INTRODUCTION (no.1-5): CHRIST
THE TRUE LIGHT WHO ENLIGHTENS ALL:
The splendour of truth shines forth in all the works of the
Creator and especially in man, leading him to know and love the
Lord. People are made holy by "obedience to the truth". (1 Peter 1:22).
This obedience is not always easy, because of original sin. Man's
capacity to know the truth is also darkened, and his will to submit to
it is weakened. Man is tempted to an illusory freedom. But no darkness
of sin or of error can totally take away from man the light of God the
Creator. In his heart there always remains a yearning for absolute
truth, and a search for the meaning of life.
Thus no one can escape from the fundamental
questions: What must I do? How do I distinguish good from evil?
The answer is only possible thanks to the splendour of truth shining
within man. Christ is the answer to all man's religious and moral
questions. On the basis of certain presuppositions, there is now among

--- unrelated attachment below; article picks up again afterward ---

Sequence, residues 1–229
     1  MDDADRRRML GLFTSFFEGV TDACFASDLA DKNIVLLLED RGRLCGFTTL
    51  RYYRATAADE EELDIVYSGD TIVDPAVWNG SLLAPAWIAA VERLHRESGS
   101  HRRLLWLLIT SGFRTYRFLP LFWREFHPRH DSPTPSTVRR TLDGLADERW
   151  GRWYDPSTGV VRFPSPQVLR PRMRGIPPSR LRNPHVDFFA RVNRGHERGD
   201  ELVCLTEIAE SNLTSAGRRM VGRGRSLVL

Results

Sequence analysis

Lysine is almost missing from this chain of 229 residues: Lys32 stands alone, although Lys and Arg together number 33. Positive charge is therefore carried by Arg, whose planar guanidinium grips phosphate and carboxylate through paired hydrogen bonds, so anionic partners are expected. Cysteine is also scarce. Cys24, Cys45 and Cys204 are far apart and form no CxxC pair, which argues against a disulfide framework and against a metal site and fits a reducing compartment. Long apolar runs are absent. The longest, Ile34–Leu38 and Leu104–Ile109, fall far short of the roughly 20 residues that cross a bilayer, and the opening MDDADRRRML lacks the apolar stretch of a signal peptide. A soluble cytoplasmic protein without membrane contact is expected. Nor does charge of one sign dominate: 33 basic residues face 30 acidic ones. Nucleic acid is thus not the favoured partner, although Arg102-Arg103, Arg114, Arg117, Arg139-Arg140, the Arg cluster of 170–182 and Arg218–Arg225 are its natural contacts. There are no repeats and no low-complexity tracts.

many within the Christian community itself an overall and systematic
calling into question of the Church's traditional moral doctrine. At
the root of this, is the detachment of freedom from truth. In
particular, it is asked: Is it possible to obey and thus love God
without having to obey the Commandments in all circumstances? Also must
faith and morality be intrinsically and unbreakably linked?
CHAPTER 1, no.6-27: CHRIST AND
THE ANSWER TO THE QUESTION ABOUT MORALITY.
"Teacher, what good must I do to have eternal life?" (Mt 19:16)
The young man's question is about the full meaning of life. He senses a
connection between the moral good and the fulfilment of his own
destiny, and the answer is from Christ. For this purpose God willed the
Church. People need to turn to Christ again to receive from Him the
answer to the question about what is good and what is evil.
"There is only one who is good" (Mt 19:17)
To ask about the good ultimately means to turn towards God, who is the
Good itself. Thus the young man's question is a religious question.
What man is and what he must do becomes clear when God reveals Himself.
The moral life is the response to God's loving initiative. The
good is belonging to God, obeying and acknowledging Him.
you wish to enter into life, keep the commandments" (Mt19:17)
God's answer to this question is given already in the law which is
inscribed in his heart: the "natural law" (Rom 2:15). This is the light
of understanding infused in us by God, whereby we understand what must
be done and what must be avoided. But God also gave the Ten
Commandments: "If you wish to enter into life, keep the commandments".